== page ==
How Cataracts Are Diagnosed

A cataract forms when proteins in the lens of your eye clump together, causing clouded or blurry vision along with a range of other symptoms.

Most people with cataracts will experience symptoms as the condition progresses, which can be brought to the attention of your eye doctor. Your doctor can then examine your eyes and test your vision to diagnose your condition.

It’s also possible that your doctor will spot a cataract in a routine exam before it causes any symptoms — or before you’ve noticed symptoms.

There’s no definitive test for cataracts. Instead, a diagnosis will be based on any vision loss or abnormalities detected in a series of tests.

Once your cataract is diagnosed, you’ll need to discuss with your doctor how to monitor it and decide when treatment might be necessary.

In most cases, there’s no need to take any immediate treatment steps when a cataract is first diagnosed. But your doctor may want to discuss how to slow your cataract’s progression or adapt your activities to minimize the impact it has on your life.

Depending on how severe or extensive your cataracts are, your doctor may recommend different intervals of follow-up appointments or monitoring. (1,2)

What to Expect at Your Eye Appointment

When you see an eye doctor about possible cataracts, the first thing your doctor will most likely do is ask you about your symptoms.

Questions about your visual symptoms may include:

  • How long you’ve noticed your symptoms
  • Whether your symptoms come and go
  • Whether your symptoms have gotten worse
  • Whether your symptoms interfere with daily tasks (3)

Your doctor may ask about specific visual symptoms, such as:

  • Cloudy or blurred vision
  • Distorted vision
  • Worsened night vision
  • Difficulty reading
  • Double vision
  • Glare or a halo effect from bright lights
  • Greater nearsightedness
  • Faded color vision (4)

Your doctor may also ask you questions about your personal and family medical history, such as:

  • Whether you have diabetes
  • Whether you’ve taken corticosteroids (oral or inhaled)
  • Whether any family members have had cataracts
  • Whether you’ve been diagnosed with another eye condition, such as glaucoma
  • Whether you’ve experienced any eye injuries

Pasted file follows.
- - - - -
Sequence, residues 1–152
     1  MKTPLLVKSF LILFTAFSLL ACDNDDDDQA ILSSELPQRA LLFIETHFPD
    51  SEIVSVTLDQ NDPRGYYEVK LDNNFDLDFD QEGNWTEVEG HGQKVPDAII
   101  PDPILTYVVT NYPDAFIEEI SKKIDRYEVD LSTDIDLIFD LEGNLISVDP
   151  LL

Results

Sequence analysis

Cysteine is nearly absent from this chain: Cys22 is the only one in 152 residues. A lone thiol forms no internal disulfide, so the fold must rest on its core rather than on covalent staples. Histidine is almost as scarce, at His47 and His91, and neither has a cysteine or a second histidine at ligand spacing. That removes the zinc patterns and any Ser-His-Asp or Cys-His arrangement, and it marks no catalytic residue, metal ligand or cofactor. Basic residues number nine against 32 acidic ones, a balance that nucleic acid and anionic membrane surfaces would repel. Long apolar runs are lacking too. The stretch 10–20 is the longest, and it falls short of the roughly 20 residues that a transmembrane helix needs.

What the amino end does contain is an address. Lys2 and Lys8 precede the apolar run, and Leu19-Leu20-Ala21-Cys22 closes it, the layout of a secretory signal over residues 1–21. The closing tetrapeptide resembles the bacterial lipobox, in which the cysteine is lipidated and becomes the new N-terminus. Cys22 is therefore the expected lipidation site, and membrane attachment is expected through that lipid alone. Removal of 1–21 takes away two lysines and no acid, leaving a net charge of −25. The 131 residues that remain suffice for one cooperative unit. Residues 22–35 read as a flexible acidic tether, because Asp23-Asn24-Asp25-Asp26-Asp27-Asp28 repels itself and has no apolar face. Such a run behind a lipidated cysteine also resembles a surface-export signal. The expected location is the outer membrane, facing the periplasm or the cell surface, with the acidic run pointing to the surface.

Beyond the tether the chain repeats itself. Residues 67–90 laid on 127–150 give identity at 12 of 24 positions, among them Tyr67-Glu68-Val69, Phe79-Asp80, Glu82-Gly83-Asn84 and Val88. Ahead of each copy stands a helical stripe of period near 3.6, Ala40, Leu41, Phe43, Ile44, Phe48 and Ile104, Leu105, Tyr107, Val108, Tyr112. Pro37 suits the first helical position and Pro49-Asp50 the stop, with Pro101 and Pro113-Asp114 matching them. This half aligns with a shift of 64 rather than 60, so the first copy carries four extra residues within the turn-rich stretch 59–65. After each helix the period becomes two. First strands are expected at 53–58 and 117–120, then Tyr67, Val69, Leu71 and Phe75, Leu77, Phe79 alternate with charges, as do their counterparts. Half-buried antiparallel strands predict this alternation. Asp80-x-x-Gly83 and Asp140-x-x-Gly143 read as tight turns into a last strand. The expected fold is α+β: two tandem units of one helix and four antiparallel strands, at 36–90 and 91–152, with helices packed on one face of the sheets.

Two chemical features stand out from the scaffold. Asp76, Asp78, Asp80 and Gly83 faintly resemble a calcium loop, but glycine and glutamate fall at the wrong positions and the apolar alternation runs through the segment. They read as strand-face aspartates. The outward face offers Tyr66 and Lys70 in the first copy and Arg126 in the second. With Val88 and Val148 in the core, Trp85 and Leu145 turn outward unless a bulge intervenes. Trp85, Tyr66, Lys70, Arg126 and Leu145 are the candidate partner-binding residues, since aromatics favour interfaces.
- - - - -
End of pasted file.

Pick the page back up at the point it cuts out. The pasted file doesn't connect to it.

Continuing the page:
• Whether you’ve undergone radiation as a medical treatment (2,4)

Based on your answers, your doctor will decide what tests are indicated to look for cataracts and evaluate how much vision loss they’ve caused.

Diagnostic Tests for Cataracts

After reviewing your medical history and symptoms, your doctor may perform one or more tests to evaluate your vision and get a closer look at your eyes.

Tests used to diagnose cataracts include:

Visual Acuity Test For this test, you’ll look at an eye chart showing rows of capital letters (usually) that are large at the top of the chart and progressively smaller toward the bottom of the chart. Your doctor will ask you to read from various areas of the chart.

Your eyes will be tested one at a time, with the other eye covered. Your doctor will determine whether your vision is normal, or 20-20, or whether your vision is impaired. (5)

For the purpose of diagnosing cataracts, it’s also important to note whether your vision has significantly worsened since your last exam.

Dilated Eye Exam Also known as a retinal exam, this test involves putting drops in your eyes that make your pupils dilate (widen).

Dilating your pupils makes it easier to look at the back of your eyes, known as your retina. Your doctor will do this using a specialized magnifying device, known as an ophthalmoscope.

This test lets your doctor look through your lens, spotting any abnormalities, as well as look at your retina and optic nerve, which connects your retina to your brain.

After this test, your vision may remain blurred from the eye drops for several hours. (6)

Slit-Lamp Test This test involves using a specialized microscope to look at the structures in the front of your eye.

This microscope, known as a slit lamp, uses a narrow line of light to examine your cornea (outer eye layer), iris (colored part of your eye), the space between your cornea and iris, and your lens.

The thin, strong line of light lets your doctor view small sections of these structures at a time, making it easier to spot any troublesome abnormalities. (2,3)

Tonometry This test measures the pressure inside your eye. It’s often used to help diagnose glaucoma, but may also be useful for cataracts.

Before the test, your doctor may give you eye drops to numb your eyes.

In a common version of the test, you’ll rest your head on a chin rest and line your eyes up with a device that delivers a puff of air to each eye. The machine will measure your eye pressure based on how light reflects off your eye when the puff takes place.

In the most accurate version of tonometry, the front of your eye will be stained with an orange dye, and you’ll rest your head on a support. A slit lamp will shine a narrow line of light onto your eyes.

Your doctor will place a measuring device (called a tonometer) so that it just touches the front of your eyes. Blue light will shine through the slit lamp, and your doctor will adjust a dial to read your eye pressure.

In another variation of the test, your doctor will use a small handheld device that resembles a pencil to instantly measure your eye pressure while touching it to your eye.

Because your eyes will have been numbed, each method of tonometry is painless and may cause only brief and minor discomfort. (2,7,8)

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